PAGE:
How to Host Thanksgiving on a Budget

How to Host Thanksgiving on a Budget

Publish Date October 18, 2023

When hosting Thanksgiving dinner, it’s natural to want to create the ultimate feast – one that will be remembered fondly for years. However, the pursuit of perfection often ups the ante, resulting in overspending.

Don’t worry…there are many ways to keep costs under control while still working your culinary magic. Check out these tips for hosting Thanksgiving on a budget.

Make a Plan

Planning is key, and deciding what your budget will be is the most important step. That will determine what you’re serving and even how many people you should invite.

The guest list is also an important variable. Having a smaller group will keep costs down. Then you’ll want to set a menu, including how many side items to serve. You’ll need to know how big a turkey to buy (if you’re even doing turkey at all…you could save money if you opt for a different main dish). Also, try to start planning early.

Consider Delegating

Thanksgiving can be the ultimate potluck meal. Asking every guest to bring something could mean you’re preparing just one or two dishes. However, it’s important to establish who’s bringing what so you don’t end up with multiple sides of mashed potatoes.

Keep in mind that guests coming from out of town won’t have an easy way to bring food, so consider leaving them out of the equation.

Alcohol can run up your bill quickly, so you could ask your guests to bring their own or delegate one or two guests to bring a bottle or two.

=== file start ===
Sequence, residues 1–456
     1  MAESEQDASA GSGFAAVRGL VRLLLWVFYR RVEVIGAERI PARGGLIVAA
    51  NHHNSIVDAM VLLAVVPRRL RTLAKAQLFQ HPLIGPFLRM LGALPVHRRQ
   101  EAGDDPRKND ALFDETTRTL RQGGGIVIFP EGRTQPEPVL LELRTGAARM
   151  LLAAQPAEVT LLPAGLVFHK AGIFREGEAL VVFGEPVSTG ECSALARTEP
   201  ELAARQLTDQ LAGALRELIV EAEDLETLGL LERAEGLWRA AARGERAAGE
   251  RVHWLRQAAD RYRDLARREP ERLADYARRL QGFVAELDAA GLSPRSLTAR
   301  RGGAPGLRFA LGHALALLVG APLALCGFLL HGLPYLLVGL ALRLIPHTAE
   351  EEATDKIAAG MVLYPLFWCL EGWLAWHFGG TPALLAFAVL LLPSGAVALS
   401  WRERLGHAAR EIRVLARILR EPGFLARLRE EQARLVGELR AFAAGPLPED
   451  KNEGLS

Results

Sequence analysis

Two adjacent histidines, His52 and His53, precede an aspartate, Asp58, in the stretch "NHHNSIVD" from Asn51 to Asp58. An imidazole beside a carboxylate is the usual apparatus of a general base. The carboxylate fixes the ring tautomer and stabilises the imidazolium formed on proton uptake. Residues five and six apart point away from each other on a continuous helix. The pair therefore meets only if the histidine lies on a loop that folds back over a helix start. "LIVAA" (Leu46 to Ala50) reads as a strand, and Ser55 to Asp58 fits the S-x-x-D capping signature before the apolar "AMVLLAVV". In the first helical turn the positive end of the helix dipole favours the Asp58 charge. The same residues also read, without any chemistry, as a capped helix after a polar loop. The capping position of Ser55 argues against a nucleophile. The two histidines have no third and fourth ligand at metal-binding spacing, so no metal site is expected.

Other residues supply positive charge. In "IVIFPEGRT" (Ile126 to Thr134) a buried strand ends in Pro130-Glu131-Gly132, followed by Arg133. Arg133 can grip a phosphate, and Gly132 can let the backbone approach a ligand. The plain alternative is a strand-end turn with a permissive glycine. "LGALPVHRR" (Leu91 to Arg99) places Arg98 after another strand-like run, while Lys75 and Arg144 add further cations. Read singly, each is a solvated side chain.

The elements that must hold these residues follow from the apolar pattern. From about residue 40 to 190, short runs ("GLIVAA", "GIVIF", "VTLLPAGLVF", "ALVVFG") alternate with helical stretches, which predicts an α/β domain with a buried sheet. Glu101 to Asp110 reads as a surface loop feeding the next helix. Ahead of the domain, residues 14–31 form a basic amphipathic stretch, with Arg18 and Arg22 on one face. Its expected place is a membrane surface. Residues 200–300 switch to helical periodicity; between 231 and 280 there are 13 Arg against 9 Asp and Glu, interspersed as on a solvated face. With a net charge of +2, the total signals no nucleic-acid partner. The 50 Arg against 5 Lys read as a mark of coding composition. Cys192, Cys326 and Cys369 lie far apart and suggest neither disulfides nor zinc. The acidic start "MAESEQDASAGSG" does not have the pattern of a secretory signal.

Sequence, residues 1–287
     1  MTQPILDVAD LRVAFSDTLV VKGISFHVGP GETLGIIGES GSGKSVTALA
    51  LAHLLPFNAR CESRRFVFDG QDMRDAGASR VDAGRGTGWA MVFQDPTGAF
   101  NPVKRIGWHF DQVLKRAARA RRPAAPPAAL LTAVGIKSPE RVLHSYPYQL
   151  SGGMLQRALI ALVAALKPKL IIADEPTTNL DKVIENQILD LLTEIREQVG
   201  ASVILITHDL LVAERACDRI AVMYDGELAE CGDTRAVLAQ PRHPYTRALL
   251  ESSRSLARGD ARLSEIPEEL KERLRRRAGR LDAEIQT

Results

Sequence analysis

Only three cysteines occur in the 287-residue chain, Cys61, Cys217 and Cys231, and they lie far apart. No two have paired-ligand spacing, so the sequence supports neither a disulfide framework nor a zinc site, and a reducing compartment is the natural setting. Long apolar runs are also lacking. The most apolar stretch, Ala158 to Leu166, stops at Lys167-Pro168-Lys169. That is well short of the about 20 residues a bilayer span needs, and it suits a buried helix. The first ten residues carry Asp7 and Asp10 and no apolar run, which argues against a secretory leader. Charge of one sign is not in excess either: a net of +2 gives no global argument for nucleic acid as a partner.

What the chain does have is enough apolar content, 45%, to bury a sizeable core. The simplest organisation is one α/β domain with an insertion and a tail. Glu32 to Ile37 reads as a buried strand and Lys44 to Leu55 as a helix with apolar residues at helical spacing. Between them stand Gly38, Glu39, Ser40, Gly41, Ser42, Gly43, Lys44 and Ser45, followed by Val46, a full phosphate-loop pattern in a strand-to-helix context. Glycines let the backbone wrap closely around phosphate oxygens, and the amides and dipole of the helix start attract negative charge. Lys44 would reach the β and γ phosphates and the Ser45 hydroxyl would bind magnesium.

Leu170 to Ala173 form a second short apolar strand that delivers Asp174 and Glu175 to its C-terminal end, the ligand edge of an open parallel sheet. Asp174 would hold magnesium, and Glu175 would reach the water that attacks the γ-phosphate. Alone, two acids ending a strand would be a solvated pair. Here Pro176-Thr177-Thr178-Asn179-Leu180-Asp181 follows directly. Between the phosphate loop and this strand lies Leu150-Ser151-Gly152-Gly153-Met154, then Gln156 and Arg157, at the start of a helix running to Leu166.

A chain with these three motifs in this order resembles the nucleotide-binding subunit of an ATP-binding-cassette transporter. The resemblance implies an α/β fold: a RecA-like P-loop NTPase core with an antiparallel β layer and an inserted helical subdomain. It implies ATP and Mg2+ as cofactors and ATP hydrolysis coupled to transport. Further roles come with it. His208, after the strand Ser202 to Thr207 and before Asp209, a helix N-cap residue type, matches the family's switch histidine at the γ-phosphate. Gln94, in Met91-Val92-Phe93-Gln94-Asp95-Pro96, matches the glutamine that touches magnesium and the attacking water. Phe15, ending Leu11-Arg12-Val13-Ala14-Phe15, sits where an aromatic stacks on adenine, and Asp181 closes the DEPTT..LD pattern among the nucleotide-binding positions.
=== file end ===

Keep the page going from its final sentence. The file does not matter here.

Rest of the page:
Menu Tips

A common Thanksgiving mistake is overestimating what’s needed. Sometimes, more food is simply too much, so create a plan for how much is needed per person.

For 10 or fewer people, a smaller turkey (12-14 lbs.) should be plenty. Or perhaps you don’t need a whole turkey. Roasting a turkey breast or some thighs might be fine.

Limiting the number of side dishes you serve can be a corner worth cutting. Also, you can save money buying canned or frozen foods. No one will know if the green beans in your casserole were bought in the frozen section, or if the filling in your pumpkin pie came out of a can.

Also, an obvious truth: Cooking from scratch will save money. While it may be tempting to opt for a premade pie, for instance, you’ll likely pay more for that convenience.

When You Shop

When it’s time to shop, make a list of all the ingredients you’ll need to prepare your dishes. Take stock of what you already have in your pantry so you can avoid buying some ingredients new. Also, to pinch pennies, consider off-brand items when you’re shopping.

Start planning early. Buy non-perishable/canned items and tools, months earlier if they’re on sale or when you have coupons. You can even look early for your turkey – some go on sale a few weeks before the holiday.

Shop Thanksgiving Early

If you’re going the fresh route, look for in-season vegetables. Sweet potatoes, pumpkin and butternut squash, for instance, will be more affordable than out-of-season alternatives.

To save even more money, read our blog about shopping strategies.

Dishes and Decor

If you don’t usually host large gatherings, you may not have certain cooking pieces (like turkey roasters) or enough dinnerware. Try borrowing what you can.

Decorating for Thanksgiving can also be done inexpensively. A few smaller natural pieces like gourds, acorns and leaves could get you started on a DIY centerpiece. And don’t forget your kids’ decorations and crafts – they’ll add a lovely touch.

Final Considerations

If you want a little more bang for your buck, make enough extra food so you’ll have leftovers. This will give you lunches and dinners for a couple more days. Whatever’s still left should go in the freezer.

Ready to start planning? Put your holiday plan in motion with these tasty Thanksgiving recipes. For more Thanksgiving inspiration, visit our Thanksgiving Shop.

Thanksgiving Recipe Inspiration